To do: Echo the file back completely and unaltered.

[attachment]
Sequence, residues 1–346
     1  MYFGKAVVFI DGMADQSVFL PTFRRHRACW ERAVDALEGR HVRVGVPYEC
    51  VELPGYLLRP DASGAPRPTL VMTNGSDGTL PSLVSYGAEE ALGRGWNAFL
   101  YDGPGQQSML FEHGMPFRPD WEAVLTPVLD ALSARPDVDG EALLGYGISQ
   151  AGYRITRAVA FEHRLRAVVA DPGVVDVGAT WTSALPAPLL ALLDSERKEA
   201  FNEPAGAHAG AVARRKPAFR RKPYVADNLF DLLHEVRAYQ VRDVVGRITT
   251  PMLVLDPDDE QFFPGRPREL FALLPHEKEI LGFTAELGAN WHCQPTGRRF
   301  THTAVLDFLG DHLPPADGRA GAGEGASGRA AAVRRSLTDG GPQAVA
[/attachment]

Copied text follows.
Sequence, residues 1–346
     1  MYFGKAVVFI DGMADQSVFL PTFRRHRACW ERAVDALEGR HVRVGVPYEC
    51  VELPGYLLRP DASGAPRPTL VMTNGSDGTL PSLVSYGAEE ALGRGWNAFL
   101  YDGPGQQSML FEHGMPFRPD WEAVLTPVLD ALSARPDVDG EALLGYGISQ
   151  AGYRITRAVA FEHRLRAVVA DPGVVDVGAT WTSALPAPLL ALLDSERKEA
   201  FNEPAGAHAG AVARRKPAFR RKPYVADNLF DLLHEVRAYQ VRDVVGRITT
   251  PMLVLDPDDE QFFPGRPREL FALLPHEKEI LGFTAELGAN WHCQPTGRRF
   301  THTAVLDFLG DHLPPADGRA GAGEGASGRA AAVRRSLTDG GPQAVA